Sclerostin is produced by osteocytes, the bone cells embedded in bone matrix and the key sensors of loading/unloading; it works to inhibit the Wnt- Beta catenin signaling pathway in osteoblasts, which normally stimulates bone formation activity. Most studies to date document an increase in osteocyte’s sclerostin expression with unloading, which provides the mechanism for the suppressed bone formation seen with HLS on Earth and, presumably, with microgravity exposure. A recent study examining the impact of a novel therapeutic agent (sclerostin antibody) on mice flown on STS-135 yielded very positive findings, suggesting that manipulating sclerostin expression could be an important therapeutic tool to augment the usual exercise countermeasures employed by astronauts. Hence it becomes critical, before any such systemic therapy is considered, to understand clearly the relationship between sclerostin expression and the functionally important outcome (bone formation activity) in multiple bone sites.

Because there is evidence that Sost, the gene encoding the protein sclerostin, is expressed differently in mid-shaft vs metaphyseal bone, we will assess sclerostin expression and histomorphometric measures of bone formation in 3 different bone compartments for each bone: mid-shaft cortical bone, cancellous bone of the metaphysis and the metaphyseal cortical shell. We propose to first study these outcomes in paired tibiae or femurs (unloaded bone) and in normally loaded humeri. With the availability of female mice in the parent study’s 2nd specific aim, we can then assess if there are gender differences in this response. Recently published data on spaceflown mice document an increase in bone volume in calvarial bone, raising the intriguing possibility that fluid shifts during spaceflight may increase fluid pressures in the rodent brain compartment, providing a mechanical loading of sorts to the skull. Hence, a third specific aim of our proposal, pending verification that calvarial bone can be made available, will assess sclerostin expression and bone formation variables in this unique site to test this hypothesis. At the end of one year’s intensive effort, then, we will have gained a much more clear picture of how this important regulatory molecule is altered by unloading and whether sclerostin antibody does present a viable therapeutic tool for maintaining bone integrity on long-duration missions. In addition, we will gain important fundamental knowledge about the time course of sclerostin expression and its relationship to bone formation rate with alterations in mechanical loading.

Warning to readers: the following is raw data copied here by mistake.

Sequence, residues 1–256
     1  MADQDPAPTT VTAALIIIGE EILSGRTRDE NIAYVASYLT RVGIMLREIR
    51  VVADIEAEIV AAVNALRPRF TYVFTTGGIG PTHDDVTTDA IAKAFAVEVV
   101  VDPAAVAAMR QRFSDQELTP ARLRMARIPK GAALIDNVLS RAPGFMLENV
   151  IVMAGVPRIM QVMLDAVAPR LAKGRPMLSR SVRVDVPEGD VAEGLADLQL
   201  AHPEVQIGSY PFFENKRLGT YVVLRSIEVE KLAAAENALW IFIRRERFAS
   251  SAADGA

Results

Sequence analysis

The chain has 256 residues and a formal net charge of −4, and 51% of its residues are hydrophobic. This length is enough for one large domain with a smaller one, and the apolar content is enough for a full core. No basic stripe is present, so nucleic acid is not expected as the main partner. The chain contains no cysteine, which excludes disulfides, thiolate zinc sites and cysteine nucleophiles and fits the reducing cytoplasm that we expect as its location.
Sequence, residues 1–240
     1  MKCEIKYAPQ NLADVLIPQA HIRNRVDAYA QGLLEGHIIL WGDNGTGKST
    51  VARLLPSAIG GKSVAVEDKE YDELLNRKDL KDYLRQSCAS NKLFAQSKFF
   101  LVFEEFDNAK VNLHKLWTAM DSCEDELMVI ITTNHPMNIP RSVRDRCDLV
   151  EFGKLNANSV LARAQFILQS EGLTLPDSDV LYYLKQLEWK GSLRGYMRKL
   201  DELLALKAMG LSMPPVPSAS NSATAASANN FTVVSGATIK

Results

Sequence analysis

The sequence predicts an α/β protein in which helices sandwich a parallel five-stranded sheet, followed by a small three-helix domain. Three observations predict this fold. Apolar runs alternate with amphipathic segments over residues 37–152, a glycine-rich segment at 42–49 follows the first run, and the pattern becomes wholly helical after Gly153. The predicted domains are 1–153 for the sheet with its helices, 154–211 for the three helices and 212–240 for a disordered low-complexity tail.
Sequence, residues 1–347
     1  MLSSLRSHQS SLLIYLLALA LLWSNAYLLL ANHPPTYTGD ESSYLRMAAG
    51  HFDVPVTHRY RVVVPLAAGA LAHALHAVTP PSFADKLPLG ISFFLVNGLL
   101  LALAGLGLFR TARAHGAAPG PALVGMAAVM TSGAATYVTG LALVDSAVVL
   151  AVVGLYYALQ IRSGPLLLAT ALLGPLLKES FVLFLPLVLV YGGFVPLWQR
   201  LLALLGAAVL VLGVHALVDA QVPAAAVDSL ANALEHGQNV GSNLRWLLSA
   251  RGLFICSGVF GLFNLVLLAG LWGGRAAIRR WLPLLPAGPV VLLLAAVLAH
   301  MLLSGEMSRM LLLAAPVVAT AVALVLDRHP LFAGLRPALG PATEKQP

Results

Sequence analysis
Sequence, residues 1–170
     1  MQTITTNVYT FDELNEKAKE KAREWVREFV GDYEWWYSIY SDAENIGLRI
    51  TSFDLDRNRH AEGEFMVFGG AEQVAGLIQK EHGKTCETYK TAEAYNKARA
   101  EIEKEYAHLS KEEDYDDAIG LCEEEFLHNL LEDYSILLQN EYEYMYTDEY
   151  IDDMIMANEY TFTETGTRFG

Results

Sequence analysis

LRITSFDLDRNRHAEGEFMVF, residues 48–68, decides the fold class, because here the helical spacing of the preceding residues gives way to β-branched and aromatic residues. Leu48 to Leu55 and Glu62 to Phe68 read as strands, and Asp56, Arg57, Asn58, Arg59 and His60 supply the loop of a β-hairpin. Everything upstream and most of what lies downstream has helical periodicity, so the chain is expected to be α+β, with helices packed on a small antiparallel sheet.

Research Impact/Earth Benefits: 0

Task Progress & Bibliography Information FY2015 
Task Progress: New project for FY2015.

Bibliography Type: Description: (Last Updated: 05/28/2021)  Show Cumulative Bibliography Listing
 
 None in FY 2015